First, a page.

Honestly, I’m grappling with the same question. I’m hoping to buy a home at some point in the near future, but the idea of parting with a huge chunk of my savings sends me into a bit of a panic.
I think it’s ultimately less about the percentage of savings you’re using and more about whether you’d be dipping into your emergency fund. I’m keeping my six-month emergency fund, but realistically, all of my savings beyond that will probably go toward a down payment. I don’t plan to use any money from my Roth IRA (even though I could use all my contributions plus $10K of the earnings since I’m a first-time homebuyer) or my 401(k).
In the letter writer’s case, it sounds like 90% is a bit much — not only because she would probably dip into her emergency fund, but also because it sounds like spending so much of her money at once would cause her a lot of stress.
Unfortunately, with home prices so ridiculously high right now, many potential homebuyers will have to spend most of their savings if they don’t want to rent forever. How do you know if you’re spending too much on a down payment?
I did an owner finance when I bought my place last year. I also agreed to the former owners’ terms of payments, which was not bad at all for me. I did double up on my monthly payments just so I could get it over with.
I would not give 90% of my money for a house as a down payment unless I have twice the amount in my checking/savings/retirement accounts knowing that I would be alright in the long run.
I say put 20 to 30% down as payment and then make the monthly payments on time.
I most definitely wouldn’t put 90% of my savings in a home. Buying a home to live in just has the “joy of ownership” and it’s slightly more convenient because the landlord won’t have you move from time to time if they are selling the building/house.
Other than that, there’s no financial benefits. Buying a home to live in is not an asset, and is purely a liability unless you have a concrete exit plan to capture the value of your equity (pretty much everyone doesn’t). For so little benefit and such massive downside, spending 90% of savings to buy a home just doesn’t make sense from a financial perspective.
Buying a home to live in isn’t a requirement - it’s purely a luxury item. So I’d say the pride of ownership + have a place to call “yours” is probably worth maybe 10-30% of your savings to do the down payment with. Otherwise, it’s too much opportunity cost.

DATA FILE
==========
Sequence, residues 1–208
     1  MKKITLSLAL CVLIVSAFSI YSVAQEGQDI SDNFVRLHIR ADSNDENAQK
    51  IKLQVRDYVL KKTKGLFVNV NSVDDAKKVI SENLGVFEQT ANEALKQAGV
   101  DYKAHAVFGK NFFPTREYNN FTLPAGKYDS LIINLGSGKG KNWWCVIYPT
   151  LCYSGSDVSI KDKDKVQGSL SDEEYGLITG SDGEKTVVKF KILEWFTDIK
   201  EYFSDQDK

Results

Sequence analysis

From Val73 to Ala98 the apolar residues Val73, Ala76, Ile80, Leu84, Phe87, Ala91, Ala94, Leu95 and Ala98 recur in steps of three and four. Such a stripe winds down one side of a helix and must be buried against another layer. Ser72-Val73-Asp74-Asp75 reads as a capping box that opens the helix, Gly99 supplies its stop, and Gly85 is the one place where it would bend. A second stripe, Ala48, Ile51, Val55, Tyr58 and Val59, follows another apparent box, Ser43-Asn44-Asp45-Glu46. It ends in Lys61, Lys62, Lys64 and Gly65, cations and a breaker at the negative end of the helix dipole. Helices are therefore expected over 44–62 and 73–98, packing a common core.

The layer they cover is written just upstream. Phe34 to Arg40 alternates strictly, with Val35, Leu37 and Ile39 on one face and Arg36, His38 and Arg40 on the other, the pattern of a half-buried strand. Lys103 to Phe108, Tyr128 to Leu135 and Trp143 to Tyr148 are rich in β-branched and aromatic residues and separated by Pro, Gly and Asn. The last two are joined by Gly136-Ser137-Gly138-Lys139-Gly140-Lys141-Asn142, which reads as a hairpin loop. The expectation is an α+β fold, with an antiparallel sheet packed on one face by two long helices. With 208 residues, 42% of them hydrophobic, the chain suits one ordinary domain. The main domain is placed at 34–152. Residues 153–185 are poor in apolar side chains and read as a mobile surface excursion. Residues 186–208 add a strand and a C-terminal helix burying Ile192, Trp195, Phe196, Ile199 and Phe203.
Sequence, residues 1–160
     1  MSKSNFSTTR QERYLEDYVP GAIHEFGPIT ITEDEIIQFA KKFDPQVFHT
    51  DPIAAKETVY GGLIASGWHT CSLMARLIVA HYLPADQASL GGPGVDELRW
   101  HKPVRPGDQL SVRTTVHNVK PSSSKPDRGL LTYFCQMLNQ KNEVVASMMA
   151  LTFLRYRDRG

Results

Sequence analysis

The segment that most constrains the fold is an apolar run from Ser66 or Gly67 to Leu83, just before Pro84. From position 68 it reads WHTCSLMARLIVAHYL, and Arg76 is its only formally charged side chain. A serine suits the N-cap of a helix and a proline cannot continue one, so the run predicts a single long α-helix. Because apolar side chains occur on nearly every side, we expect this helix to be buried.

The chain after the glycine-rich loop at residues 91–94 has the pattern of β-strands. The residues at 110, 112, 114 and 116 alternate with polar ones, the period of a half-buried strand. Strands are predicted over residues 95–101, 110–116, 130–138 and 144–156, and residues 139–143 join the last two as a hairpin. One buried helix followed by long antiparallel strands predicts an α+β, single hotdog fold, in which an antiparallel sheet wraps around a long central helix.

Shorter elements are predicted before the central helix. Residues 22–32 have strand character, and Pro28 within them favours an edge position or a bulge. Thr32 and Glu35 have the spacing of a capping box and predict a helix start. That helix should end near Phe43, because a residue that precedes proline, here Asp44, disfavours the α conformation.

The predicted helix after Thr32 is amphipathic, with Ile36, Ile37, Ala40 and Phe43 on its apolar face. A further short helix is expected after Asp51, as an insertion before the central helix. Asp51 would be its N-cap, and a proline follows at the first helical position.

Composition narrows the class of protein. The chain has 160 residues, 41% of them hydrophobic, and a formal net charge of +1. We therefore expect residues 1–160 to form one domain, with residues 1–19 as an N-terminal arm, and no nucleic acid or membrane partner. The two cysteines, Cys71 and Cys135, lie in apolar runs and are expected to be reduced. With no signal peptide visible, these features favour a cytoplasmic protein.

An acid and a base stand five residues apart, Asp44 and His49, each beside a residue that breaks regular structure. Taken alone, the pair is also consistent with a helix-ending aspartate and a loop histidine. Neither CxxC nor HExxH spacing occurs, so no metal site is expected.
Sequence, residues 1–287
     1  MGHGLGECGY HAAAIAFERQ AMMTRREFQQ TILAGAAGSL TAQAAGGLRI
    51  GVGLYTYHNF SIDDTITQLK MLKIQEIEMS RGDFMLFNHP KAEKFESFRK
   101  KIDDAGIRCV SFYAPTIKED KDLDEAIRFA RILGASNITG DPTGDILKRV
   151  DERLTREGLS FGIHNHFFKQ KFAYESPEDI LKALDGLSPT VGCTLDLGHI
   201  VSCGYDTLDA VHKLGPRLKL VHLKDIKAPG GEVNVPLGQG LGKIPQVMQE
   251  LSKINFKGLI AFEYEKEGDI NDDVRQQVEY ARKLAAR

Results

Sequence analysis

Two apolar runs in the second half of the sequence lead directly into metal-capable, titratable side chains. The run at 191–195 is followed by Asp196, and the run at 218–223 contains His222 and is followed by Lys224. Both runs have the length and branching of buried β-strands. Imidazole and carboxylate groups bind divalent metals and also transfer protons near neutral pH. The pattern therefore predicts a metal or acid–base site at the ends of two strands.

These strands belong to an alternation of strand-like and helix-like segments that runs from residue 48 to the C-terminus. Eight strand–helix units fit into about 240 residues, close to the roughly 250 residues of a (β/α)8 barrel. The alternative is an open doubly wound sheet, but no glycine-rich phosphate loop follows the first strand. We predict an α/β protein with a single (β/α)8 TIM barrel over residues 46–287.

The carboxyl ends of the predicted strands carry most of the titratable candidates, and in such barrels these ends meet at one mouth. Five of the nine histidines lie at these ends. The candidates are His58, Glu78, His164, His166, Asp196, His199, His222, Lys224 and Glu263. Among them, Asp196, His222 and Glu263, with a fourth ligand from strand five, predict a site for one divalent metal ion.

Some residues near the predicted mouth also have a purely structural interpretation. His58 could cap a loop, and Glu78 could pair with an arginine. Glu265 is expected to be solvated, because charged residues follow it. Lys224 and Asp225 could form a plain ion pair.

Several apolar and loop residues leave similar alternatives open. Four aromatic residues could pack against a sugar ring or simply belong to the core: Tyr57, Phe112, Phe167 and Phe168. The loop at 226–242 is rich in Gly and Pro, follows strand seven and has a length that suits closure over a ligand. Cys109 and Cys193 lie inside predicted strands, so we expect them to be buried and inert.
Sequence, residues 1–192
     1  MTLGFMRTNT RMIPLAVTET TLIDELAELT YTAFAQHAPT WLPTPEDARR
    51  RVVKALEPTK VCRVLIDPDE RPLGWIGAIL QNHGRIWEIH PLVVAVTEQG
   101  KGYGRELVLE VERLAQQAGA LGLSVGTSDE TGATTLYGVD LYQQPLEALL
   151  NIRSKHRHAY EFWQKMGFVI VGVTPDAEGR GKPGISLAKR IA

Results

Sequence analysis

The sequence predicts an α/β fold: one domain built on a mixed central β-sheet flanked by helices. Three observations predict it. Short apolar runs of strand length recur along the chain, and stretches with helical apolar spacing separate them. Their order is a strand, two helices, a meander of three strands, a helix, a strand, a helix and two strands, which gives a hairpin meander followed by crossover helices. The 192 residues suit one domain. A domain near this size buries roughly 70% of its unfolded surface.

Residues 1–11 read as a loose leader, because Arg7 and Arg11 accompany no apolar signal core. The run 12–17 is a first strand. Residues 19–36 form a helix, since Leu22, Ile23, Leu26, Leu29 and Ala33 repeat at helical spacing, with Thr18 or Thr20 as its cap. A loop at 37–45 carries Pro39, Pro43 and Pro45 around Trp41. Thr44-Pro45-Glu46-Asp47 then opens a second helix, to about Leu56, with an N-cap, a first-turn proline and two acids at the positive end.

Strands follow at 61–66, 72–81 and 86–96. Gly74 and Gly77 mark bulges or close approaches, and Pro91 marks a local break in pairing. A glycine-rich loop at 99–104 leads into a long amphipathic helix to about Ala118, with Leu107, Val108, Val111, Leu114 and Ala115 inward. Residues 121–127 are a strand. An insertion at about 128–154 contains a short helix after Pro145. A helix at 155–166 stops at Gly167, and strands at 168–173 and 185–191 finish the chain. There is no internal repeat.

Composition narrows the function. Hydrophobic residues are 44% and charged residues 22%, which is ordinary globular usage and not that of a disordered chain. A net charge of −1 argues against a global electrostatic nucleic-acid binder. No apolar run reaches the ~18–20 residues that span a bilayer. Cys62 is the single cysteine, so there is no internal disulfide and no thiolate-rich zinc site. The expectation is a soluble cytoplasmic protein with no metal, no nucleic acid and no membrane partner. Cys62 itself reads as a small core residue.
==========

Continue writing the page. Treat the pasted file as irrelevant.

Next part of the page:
No, I would not put 90% of my savings toward a home down payment, especially if my emergency savings are commingled with those funds. I would leave a generous emergency fund, and if I were to buy a house now, I would also want extra funds set aside for things that always come up with houses. If I couldn’t do that, then “now” would not be the time to buy a home in my mind.
Great question! I concur with everyone on this thread. Putting 90% of your saved money down on anything these days is a risky venture in my opinion. There is too much that can go wrong and you haven’t even considered the inevitable issues that will surely come up with buying a home. They simply always do. Having said that. I’d like to push back a bit against the idea that homeownership isn’t a good investment. When the time is right, and what I mean by that is. You’re not using 90% of your savings, but more like 20%-30%, as has been stated here. You don’t buy when the market is as outrageous as it is now and you consider having at least 3 to 5K saved for home repairs. Owning property is currently still one of the few assets that the average American has that accumulates personal wealth. The housing market ebbs and flows, but owning one gives vastly more opportunities than renting. There’s nothing wrong with renting. My wife and I rented for about 3 to 5 years, saved money for home and were pleasantly surprised to get in for much less than we thought. That extra money funded our emergency savings/home repair fund. All i’m saying is, if you have to spend 90% of your savings to get into a home. IT IS NOT WORTH IT. At least not right now. Keep stacking your bread and know that you’ll be at a ready when it’s time to strike!